Investors need to remember that countries within the region tend to be much better financed and governed than during earlier crises. Most Asian countries now have stronger current accounts and healthier government debt-to-GDP numbers. Bank and corporate balance sheets are also more robust.
Looking outside of Asia, the unprecedented speed and magnitude of co-ordinated government support helped to mitigate the economic impact of lockdowns, and threw a vital lifeline to people whose livelihoods are under threat. However, this level of support is unsustainable and there is a risk that economies and markets will suffer when these policies are eventually withdrawn.
Restrictions to freedom of movement and business activity have battered the earnings of Asian companies this year. While we hope there is an earnings growth revival in 2021, this would depend on whether the world manages to beat the virus.
The region is still one of the fastest-growing, with structural growth trends that will continue to play out for years to come.
However, Asia remains home to many good-quality companies, with clear earnings drivers, robust balance sheets and healthy cash levels. The region is still one of the fastest-growing, with structural growth trends that will continue to play out for years to come.
Investors mustn’t lose sight of the six investment themes that make Asia special:
- Aspiration - Rising affluence is leading to fast growth in premium consumption such as education, financial services and higher-quality food and beverage.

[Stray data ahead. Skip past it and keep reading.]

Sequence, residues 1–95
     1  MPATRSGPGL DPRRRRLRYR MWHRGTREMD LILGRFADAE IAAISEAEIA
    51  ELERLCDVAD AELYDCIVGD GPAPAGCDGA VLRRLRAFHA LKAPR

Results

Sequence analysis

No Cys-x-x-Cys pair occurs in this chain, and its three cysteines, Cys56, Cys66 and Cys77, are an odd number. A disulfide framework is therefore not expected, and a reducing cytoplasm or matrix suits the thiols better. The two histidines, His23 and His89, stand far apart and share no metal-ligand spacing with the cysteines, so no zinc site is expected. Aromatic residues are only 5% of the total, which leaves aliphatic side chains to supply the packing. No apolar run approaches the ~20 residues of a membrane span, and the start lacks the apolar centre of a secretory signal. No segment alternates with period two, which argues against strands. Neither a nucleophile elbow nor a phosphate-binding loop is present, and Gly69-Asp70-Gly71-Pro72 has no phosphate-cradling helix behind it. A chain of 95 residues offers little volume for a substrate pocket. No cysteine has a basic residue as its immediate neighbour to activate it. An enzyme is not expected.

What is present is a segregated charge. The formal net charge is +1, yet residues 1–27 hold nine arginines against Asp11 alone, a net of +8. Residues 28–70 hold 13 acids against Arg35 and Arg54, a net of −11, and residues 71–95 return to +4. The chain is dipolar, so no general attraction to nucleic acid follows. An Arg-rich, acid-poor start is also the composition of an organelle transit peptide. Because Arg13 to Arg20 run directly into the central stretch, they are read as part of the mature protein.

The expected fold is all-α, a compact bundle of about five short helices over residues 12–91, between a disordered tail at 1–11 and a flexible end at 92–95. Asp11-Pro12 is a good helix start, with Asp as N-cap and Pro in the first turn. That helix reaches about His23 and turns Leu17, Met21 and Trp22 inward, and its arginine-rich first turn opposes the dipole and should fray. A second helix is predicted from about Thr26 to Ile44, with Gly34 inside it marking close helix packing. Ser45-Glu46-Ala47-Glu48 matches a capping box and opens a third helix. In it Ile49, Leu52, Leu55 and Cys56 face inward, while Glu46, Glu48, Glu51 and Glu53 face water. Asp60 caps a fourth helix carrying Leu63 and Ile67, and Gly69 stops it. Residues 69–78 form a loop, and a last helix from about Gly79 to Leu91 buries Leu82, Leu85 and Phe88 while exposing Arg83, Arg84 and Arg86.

- Digital future - Widespread adoption of technology means a bright future for gaming, the internet, fintech and tech services, such as the cloud.
- Building Asia - Urbanisation and an infrastructure boom is set to benefit property developers and materials producers, such as the cement industry.
- Tech enablers - Regional tech supply chains are well-positioned for structural growth related to the rollout of 5G mobile networks, big data and digital interconnectivity.
- Health and wellness - Asia is home to a diverse range of companies leading advancements in biotech and medical device technology. These firms are active in contract research, respiratory and sleep care, vaccinations, pharmaceuticals and diagnostic products.
- Going green - Asian companies are in the driver’s seat of this mega-trend. ‘Grid parity’ will ensure strong demand for renewables and batteries for decades to come. Environmental protection and waste management also have bright futures.
1 Aberdeen Standard Investments Research Institute, APAC Matters: red to green, R. Gilhooly, S. Kochugovindan & Y. Dunga, October 5 2020
2 BBC website, Biden sets out $2tn plan for carbon-free electricity by 2035, July 14 2020
3 Sanford C. Bernstein, Bernstein Hydrogen: Making money in fuel cells - lessons from solar, wind and batteries, October 2020
4 Bloomberg, MSCI, November 17 2020